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Tuesday, November 18, 2008

Rediscovering Classic Icons

Many of the famous landscapes that we love most aren’t necessarily permanent. Now is the time to visit and photograph these treasures.

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Sandstone arches within Arches National Park have been created over millions of years by a perfect combination of geological instability, rain, ice, snow, wind and gravity. Since the recent collapse of Wall Arch, which had measured 331⁄2 feet tall and spanned 71 feet, the longest natural arch in the world, Landscape Arch, is thought to have become quite fragile from a series of collapses dating back to 1991. There’s no telling how long Landscape Arch will last before it falls, but it’s important to keep in mind that the environmental conditions that destroy these grand formations also form new ones.

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Mount St. Helens, Washington Arctic National Wildlife Refuge, Alaska

Rock Slides.
Yosemite Valley, California, best known for its iconic formations and monolithic rock faces, is subject to rock slides year-round. As anyone who has hiked in Yosemite knows, small rock slides are common. Less frequently, massive rock slides occur, slowly reshaping this glacially formed valley. The last such event occurred in 1996 when roughly 162,000 tons of granite fell one third of a mile, generating a blast of air rivaling hurricane-strength winds that killed one person, injuring 11 others and toppling hundreds of trees.

Yosemite Valley, California
Fire. Wildfires are part of the natural life cycle of forests, opening areas to sunlight by removing overgrowth, returning nutrients to the soil and triggering the germination of various tree species. In 1988, one of the largest wildfires on record burned over one third of Yellowstone National Park, Wyoming (793,000 acres). To this day, the landscape bears the scars of this fire and is transforming yearly as the forest continues to recover.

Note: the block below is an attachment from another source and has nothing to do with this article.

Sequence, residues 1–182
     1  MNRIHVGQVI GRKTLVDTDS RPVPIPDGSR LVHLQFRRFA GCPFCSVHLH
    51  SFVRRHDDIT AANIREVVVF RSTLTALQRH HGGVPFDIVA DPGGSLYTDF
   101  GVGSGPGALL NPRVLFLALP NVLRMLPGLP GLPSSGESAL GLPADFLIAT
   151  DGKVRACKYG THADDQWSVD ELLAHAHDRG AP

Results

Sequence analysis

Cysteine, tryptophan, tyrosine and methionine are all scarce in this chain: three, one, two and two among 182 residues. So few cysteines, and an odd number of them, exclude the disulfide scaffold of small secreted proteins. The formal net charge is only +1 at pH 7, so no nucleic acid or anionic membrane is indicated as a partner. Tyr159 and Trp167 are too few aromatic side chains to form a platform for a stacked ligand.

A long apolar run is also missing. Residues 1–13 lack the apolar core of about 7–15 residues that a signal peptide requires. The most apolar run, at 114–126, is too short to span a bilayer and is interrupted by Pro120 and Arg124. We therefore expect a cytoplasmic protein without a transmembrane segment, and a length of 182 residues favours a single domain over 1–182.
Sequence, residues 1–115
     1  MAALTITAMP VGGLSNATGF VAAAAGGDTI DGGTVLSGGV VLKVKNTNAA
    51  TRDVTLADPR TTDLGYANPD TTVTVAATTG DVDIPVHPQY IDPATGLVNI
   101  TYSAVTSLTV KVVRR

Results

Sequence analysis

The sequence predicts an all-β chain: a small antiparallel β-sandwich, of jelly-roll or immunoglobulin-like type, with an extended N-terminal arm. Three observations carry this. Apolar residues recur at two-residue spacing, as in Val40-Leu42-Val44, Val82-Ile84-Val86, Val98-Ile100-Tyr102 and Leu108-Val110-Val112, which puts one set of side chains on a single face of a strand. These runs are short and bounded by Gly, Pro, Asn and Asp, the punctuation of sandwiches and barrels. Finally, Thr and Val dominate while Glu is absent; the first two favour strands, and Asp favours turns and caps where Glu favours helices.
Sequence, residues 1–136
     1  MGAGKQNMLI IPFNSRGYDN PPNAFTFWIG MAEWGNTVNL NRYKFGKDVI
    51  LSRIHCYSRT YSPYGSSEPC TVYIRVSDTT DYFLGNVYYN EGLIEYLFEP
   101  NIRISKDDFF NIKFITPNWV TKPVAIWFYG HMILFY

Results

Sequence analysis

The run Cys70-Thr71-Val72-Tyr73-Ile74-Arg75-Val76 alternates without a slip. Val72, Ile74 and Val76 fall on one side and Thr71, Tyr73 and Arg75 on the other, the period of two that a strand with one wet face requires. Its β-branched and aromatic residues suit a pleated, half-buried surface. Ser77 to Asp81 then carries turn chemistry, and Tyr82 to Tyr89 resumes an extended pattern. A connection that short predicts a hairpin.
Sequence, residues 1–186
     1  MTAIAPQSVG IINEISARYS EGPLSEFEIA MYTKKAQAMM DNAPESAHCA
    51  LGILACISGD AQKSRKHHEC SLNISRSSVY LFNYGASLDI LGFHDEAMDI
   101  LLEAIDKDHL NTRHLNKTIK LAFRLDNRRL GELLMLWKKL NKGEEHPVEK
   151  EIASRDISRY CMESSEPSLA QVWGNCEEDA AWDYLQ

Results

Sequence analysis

Volcanic Eruption.
The 1980 eruption of Mount St. Helens, Washington, epitomizes the destructive power of volcanoes and is the most recent major eruption to take place in the Cascade Mountains. Stretching south from British Columbia to Northern California, the Cascades is comprised of 21 volcanoes of which 11 have cumulatively erupted 50 times in the past 4,000 years. Iconic peaks, including Rainier, Hood and Shasta, tower over Washington, Oregon and California, respectively, providing dramatic backdrops to scenic locations across the West.

Hurricanes. Beaches and forests are ecosystems often prone to damage from hurricanes. Storm erosion, flood and wind damage can quickly and broadly transform iconic southern landscapes and wildlife habitat. Wetlands that act as a natural barrier to storm surges are being lost by an estimated 24 square miles per year in Louisiana alone, contributing to the amplification of damage that occurs with each subsequent storm. In 2005, it was estimated that Hurricane Katrina damaged roughly 320 million large trees. Southern beaches and forests always have been resilient and dynamic environments, but as history has shown, large storms in combination with man made environmental changes are having greater impact.


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